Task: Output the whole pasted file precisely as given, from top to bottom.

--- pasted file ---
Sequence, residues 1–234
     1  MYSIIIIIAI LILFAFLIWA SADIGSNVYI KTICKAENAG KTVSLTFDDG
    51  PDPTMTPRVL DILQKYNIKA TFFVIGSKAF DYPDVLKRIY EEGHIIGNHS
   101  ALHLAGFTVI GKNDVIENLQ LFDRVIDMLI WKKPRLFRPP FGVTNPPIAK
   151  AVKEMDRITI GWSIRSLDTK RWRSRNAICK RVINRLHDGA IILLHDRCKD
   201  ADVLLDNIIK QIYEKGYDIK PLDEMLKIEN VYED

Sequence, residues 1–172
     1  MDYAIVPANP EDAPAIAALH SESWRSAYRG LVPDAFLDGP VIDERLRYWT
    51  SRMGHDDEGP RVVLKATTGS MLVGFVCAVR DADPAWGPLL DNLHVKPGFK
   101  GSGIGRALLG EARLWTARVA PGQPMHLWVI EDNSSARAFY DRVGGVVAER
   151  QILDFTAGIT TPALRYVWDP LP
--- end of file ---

Sequence, residues 1–234
     1  MYSIIIIIAI LILFAFLIWA SADIGSNVYI KTICKAENAG KTVSLTFDDG
    51  PDPTMTPRVL DILQKYNIKA TFFVIGSKAF DYPDVLKRIY EEGHIIGNHS
   101  ALHLAGFTVI GKNDVIENLQ LFDRVIDMLI WKKPRLFRPP FGVTNPPIAK
   151  AVKEMDRITI GWSIRSLDTK RWRSRNAICK RVINRLHDGA IILLHDRCKD
   201  ADVLLDNIIK QIYEKGYDIK PLDEMLKIEN VYED

Sequence, residues 1–172
     1  MDYAIVPANP EDAPAIAALH SESWRSAYRG LVPDAFLDGP VIDERLRYWT
    51  SRMGHDDEGP RVVLKATTGS MLVGFVCAVR DADPAWGPLL DNLHVKPGFK
   101  GSGIGRALLG EARLWTARVA PGQPMHLWVI EDNSSARAFY DRVGGVVAER
   151  QILDFTAGIT TPALRYVWDP LP